This paper introduces a novel approach to leverage the generalizability capability of Diffusion Models for Source-Free Domain Adaptation (DM-SFDA). Our proposed DM-SFDA method involves fine-tuning a pre-trained text-to-image diffusion model to generate source domain images using features from the target images to guide the diffusion process. Specifically, the pre-trained diffusion model is fine-tuned to generate source samples that minimize entropy and maximize confidence for the pre-trained source model. We then apply established unsupervised domain adaptation techniques to align the generated source images with target domain data. We validate our approach through comprehensive experiments across a range of datasets, including Office-31, Office-Home, and VisDA. The results highlight significant improvements in SFDA performance, showcasing the potential of diffusion models in generating contextually relevant, domain-specific images.
* arXiv admin note: substantial text overlap with arXiv:2310.01701
Practical Imitation Learning (IL) systems rely on large human demonstration datasets for successful policy learning. However, challenges lie in maintaining the quality of collected data and addressing the suboptimal nature of some demonstrations, which can compromise the overall dataset quality and hence the learning outcome. Furthermore, the intrinsic heterogeneity in human behavior can produce equally successful but disparate demonstrations, further exacerbating the challenge of discerning demonstration quality. To address these challenges, this paper introduces Learning to Discern (L2D), an offline imitation learning framework for learning from demonstrations with diverse quality and style. Given a small batch of demonstrations with sparse quality labels, we learn a latent representation for temporally embedded trajectory segments. Preference learning in this latent space trains a quality evaluator that generalizes to new demonstrators exhibiting different styles. Empirically, we show that L2D can effectively assess and learn from varying demonstrations, thereby leading to improved policy performance across a range of tasks in both simulations and on a physical robot.
* To appear at the 7th Annual Conference on Robot Learning (CoRL) 2023
Domain Adaptation (DA) is a method for enhancing a model's performance on a target domain with inadequate annotated data by applying the information the model has acquired from a related source domain with sufficient labeled data. The escalating enforcement of data-privacy regulations like HIPAA, COPPA, FERPA, etc. have sparked a heightened interest in adapting models to novel domains while circumventing the need for direct access to the source data, a problem known as Source-Free Domain Adaptation (SFDA). In this paper, we propose a novel framework for SFDA that generates source data using a text-to-image diffusion model trained on the target domain samples. Our method starts by training a text-to-image diffusion model on the labeled target domain samples, which is then fine-tuned using the pre-trained source model to generate samples close to the source data. Finally, we use Domain Adaptation techniques to align the artificially generated source data with the target domain data, resulting in significant performance improvements of the model on the target domain. Through extensive comparison against several baselines on the standard Office-31, Office-Home, and VisDA benchmarks, we demonstrate the effectiveness of our approach for the SFDA task.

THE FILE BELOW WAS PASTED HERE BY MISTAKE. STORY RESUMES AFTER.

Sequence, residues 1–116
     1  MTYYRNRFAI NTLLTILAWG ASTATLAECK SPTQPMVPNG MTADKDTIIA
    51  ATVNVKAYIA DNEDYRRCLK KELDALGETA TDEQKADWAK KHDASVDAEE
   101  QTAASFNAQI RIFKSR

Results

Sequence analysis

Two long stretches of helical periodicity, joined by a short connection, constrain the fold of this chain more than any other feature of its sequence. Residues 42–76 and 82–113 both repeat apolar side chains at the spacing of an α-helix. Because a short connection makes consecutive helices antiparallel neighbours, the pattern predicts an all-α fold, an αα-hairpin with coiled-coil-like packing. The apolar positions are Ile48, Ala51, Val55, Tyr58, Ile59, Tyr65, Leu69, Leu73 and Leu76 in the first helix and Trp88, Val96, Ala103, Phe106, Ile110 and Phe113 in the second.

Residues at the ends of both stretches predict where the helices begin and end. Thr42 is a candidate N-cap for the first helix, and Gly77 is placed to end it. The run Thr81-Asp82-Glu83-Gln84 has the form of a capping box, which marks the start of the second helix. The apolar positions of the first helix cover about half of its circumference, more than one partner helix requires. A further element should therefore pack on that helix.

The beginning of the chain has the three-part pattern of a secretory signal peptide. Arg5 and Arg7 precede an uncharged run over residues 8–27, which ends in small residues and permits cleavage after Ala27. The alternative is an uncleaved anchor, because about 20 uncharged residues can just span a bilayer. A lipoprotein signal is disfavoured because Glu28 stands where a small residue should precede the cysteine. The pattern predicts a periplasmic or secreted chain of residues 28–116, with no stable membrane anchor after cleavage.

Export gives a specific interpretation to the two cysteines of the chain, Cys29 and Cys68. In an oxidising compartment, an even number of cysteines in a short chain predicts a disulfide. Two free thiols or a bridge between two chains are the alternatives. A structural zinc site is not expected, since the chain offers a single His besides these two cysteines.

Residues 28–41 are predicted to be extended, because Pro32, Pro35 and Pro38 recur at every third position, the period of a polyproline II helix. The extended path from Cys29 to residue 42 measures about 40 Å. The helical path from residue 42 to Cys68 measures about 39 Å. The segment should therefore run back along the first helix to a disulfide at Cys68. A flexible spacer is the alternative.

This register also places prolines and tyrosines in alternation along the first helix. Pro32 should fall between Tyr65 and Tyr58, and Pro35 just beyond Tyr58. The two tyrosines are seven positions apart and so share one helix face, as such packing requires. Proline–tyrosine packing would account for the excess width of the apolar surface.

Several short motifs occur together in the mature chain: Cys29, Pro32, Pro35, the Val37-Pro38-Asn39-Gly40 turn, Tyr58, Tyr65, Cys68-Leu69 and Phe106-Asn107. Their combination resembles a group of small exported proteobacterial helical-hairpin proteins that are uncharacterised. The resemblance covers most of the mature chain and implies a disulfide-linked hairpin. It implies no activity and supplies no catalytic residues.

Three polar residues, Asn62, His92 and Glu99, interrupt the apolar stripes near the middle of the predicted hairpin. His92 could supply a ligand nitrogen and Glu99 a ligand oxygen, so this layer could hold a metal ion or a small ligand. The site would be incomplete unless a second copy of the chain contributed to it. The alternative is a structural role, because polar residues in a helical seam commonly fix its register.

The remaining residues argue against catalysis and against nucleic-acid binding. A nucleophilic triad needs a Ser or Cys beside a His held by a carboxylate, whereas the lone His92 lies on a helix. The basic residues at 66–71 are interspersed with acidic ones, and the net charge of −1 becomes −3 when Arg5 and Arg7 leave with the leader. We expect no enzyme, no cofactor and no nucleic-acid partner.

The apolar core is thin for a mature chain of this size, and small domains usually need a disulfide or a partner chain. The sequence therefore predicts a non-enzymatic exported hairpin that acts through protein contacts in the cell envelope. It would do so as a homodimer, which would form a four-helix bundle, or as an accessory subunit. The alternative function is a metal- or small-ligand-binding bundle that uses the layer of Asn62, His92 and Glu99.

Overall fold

Active Learning is a very common yet powerful framework for iteratively and adaptively sampling subsets of the unlabeled sets with a human in the loop with the goal of achieving labeling efficiency. Most real world datasets have imbalance either in classes and slices, and correspondingly, parts of the dataset are rare. As a result, there has been a lot of work in designing active learning approaches for mining these rare data instances. Most approaches assume access to a seed set of instances which contain these rare data instances. However, in the event of more extreme rareness, it is reasonable to assume that these rare data instances (either classes or slices) may not even be present in the seed labeled set, and a critical need for the active learning paradigm is to efficiently discover these rare data instances. In this work, we provide an active data discovery framework which can mine unknown data slices and classes efficiently using the submodular conditional gain and submodular conditional mutual information functions. We provide a general algorithmic framework which works in a number of scenarios including image classification and object detection and works with both rare classes and rare slices present in the unlabeled set. We show significant accuracy and labeling efficiency gains with our approach compared to existing state-of-the-art active learning approaches for actively discovering these rare classes and slices.
Suggestion mining tasks are often semantically complex and lack sophisticated methodologies that can be applied to real-world data. The presence of suggestions across a large diversity of domains and the absence of large labelled and balanced datasets render this task particularly challenging to deal with. In an attempt to overcome these challenges, we propose a two-tier pipeline that leverages Discourse Marker based oversampling and fine-grained suggestion mining techniques to retrieve suggestions from online forums. Through extensive comparison on a real-world open-domain suggestion dataset, we demonstrate how the oversampling technique combined with transformer based fine-grained analysis can beat the state of the art. Additionally, we perform extensive qualitative and qualitative analysis to give construct validity to our proposed pipeline. Finally, we discuss the practical, computational and reproducibility aspects of the deployment of our pipeline across the web.